# Implement 1-dimensional version of Multi-Take

## Background

Adám and I were once discussing a way to properly extend some features in Dyalog APL. I came up with the following extension to Take, a function that takes some front or back elements (and an analogous extension to Drop). We agreed that it was a good idea, but it was incredibly hard to come up with a piece of code that imitates the behavior.

While the original proposal operates on multi-dimensional arrays, this challenge's scope is limited to 1D arrays of numbers. Whenever I mention "array", it implies a 1D array.

## The Take function ↑

↑ takes two arguments. One is the array A (of length L), and the other is a single integer N (which can be 0, positive, or negative).

The behavior depends on the value of N:

• If 0 ≤ N ≤ L, ↑ takes first N elements of A from the start.
• If -L ≤ N < 0, ↑ takes last -N elements of A from the end.
• If N > L or N < -L, ↑ performs "overtake", appending (for positive N) or prepending (for negative N) zeros until the array's length becomes abs(N).

It can be thought of applying a Boolean mask to an infinitely zero-padded version of A:

For all cases, A = [1, 2, 3, 4, 5]

For N = 3: (positive simple take)
A     :  ... 0 0 1 2 3 4 5 0 0 ...
Mask  :  ... 0 0 1 1 1 0 0 0 0 ...  # Fill 1s from the start of the array
Result:          1 2 3              # Elements at 0 mask are removed from the array

For N = -4: (negative simple take)
A     :  ... 0 0 1 2 3 4 5 0 0 ...
Mask  :  ... 0 0 0 1 1 1 1 0 0 ...  # Fill 1s from the end of the array
Result:            2 3 4 5

For N = 7: (positive overtake)
A     :  ... 0 0 1 2 3 4 5 0 0 0 ...
Mask  :  ... 0 0 1 1 1 1 1 1 1 0 ...  # The mask overflows the input array
Result:          1 2 3 4 5 0 0

For N = -8: (negative overtake)
A     :  ... 0 0 0 0 1 2 3 4 5 0 0 ...
Mask  :  ... 0 1 1 1 1 1 1 1 1 0 0 ...  # The mask is filled from the end,
# overflowing through the start
Result:        0 0 0 1 2 3 4 5


## The proposed extension ("Multi-Take")

The extension allows N to be an array of integers [N1, N2, N3, ..., Nn]. It conceptually generates all the masks to apply to A using each of Ni, and combines all of them by logical OR. Then the mask is applied to A in the same sense as above, giving the resulting array (which may have some contiguous middle elements removed, or have padding in both directions).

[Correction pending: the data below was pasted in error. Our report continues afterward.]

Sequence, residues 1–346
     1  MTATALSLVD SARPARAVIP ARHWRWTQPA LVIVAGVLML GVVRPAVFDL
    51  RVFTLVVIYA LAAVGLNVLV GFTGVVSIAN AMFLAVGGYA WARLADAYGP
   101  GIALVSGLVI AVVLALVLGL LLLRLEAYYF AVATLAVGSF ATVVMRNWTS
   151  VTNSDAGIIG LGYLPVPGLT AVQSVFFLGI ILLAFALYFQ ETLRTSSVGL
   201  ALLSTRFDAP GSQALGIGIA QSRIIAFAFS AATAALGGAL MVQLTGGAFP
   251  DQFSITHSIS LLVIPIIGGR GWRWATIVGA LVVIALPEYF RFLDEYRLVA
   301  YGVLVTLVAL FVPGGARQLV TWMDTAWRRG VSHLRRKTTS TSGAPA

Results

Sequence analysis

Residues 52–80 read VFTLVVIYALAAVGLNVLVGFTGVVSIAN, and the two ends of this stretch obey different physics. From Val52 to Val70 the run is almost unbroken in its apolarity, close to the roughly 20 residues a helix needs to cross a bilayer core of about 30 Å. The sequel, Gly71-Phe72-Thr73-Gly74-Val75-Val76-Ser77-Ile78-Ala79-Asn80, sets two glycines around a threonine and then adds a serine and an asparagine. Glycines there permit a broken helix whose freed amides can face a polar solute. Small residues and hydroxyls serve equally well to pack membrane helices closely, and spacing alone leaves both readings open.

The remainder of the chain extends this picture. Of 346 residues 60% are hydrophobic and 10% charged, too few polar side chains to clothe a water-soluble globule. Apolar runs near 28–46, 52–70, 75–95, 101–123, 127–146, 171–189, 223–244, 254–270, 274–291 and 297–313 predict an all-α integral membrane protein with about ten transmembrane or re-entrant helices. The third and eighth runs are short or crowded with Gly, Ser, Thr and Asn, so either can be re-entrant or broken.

Because the identity element for OR is 0, empty N gives all-zero mask, resulting in an empty array (which is equivalent to giving a single zero as N).

For all cases, A = [1, 2, 3, 4, 5]

For N = [1, -2]: (removing a contiguous region)
A        :  1 2 3 4 5
Mask (1) :  1 0 0 0 0  # Taking from start
Mask (-2):  0 0 0 1 1  # Taking from end
OR       :  1 0 0 1 1
Result   :  1     4 5  # [1, 4, 5]

For N = [8, -7]: (padding in both direction)
A        :      1 2 3 4 5
Mask (8) :  0 0 1 1 1 1 1 1 1 1  # Overtaking from start
Mask (-7):  1 1 1 1 1 1 1 0 0 0  # Overtaking from end
OR       :  1 1 1 1 1 1 1 1 1 1
Result   :  0 0 1 2 3 4 5 0 0 0  # [0, 0, 1, 2, 3, 4, 5, 0, 0, 0]

For N = [2, 4, 7]: (for multiple values of same sign, some are simply shadowed)
A        :  1 2 3 4 5
Mask (2) :  1 1 0 0 0 0 0
Mask (4) :  1 1 1 1 0 0 0
Mask (7) :  1 1 1 1 1 1 1
OR       :  1 1 1 1 1 1 1  # Same as simply N = 7 or 
Result   :  1 2 3 4 5 0 0  # [1, 2, 3, 4, 5, 0, 0]

For N = []: (empty N gives empty result)
A     :  1 2 3 4 5
OR    :  0 0 0 0 0  # Identity element of OR
Result:  (Empty)    # []


## Challenge

Implement the extension, i.e. a program or function that takes an array of numbers A and an array of take amounts N, and outputs the modified array using the mechanism described above.

The "array" can be any sequential container type in your language of choice.

You can assume the elements of A are given in any common number type in your language of choice (or, if you're doing string I/O, represented in the most natural format for your language). Your program should be able to handle empty A and A containing zeros or duplicate elements.

You may assume A contains only integers even if your program accepts floating-point numbers as input.

Standard rules apply. The shortest code in bytes wins.

## Test cases

# These test cases all share A = 1 2 3 4 5
# Should work for any 5-element array A' = a b c d e
# giving the output's 1 2 3 4 5 substituted with a b c d e respectively,
# even if A' contains duplicates or zeros
N = (empty)
Output = (empty)
N = 3
Output = 1 2 3
N = 0
Output = (empty)
N = -4
Output = 2 3 4 5
N = 7
Output = 1 2 3 4 5 0 0
N = -8
Output = 0 0 0 1 2 3 4 5
N = 0 0 0 0 0
Output = (empty)
N = 0 4 2 3
Output = 1 2 3 4
N = -2 -1 0 -7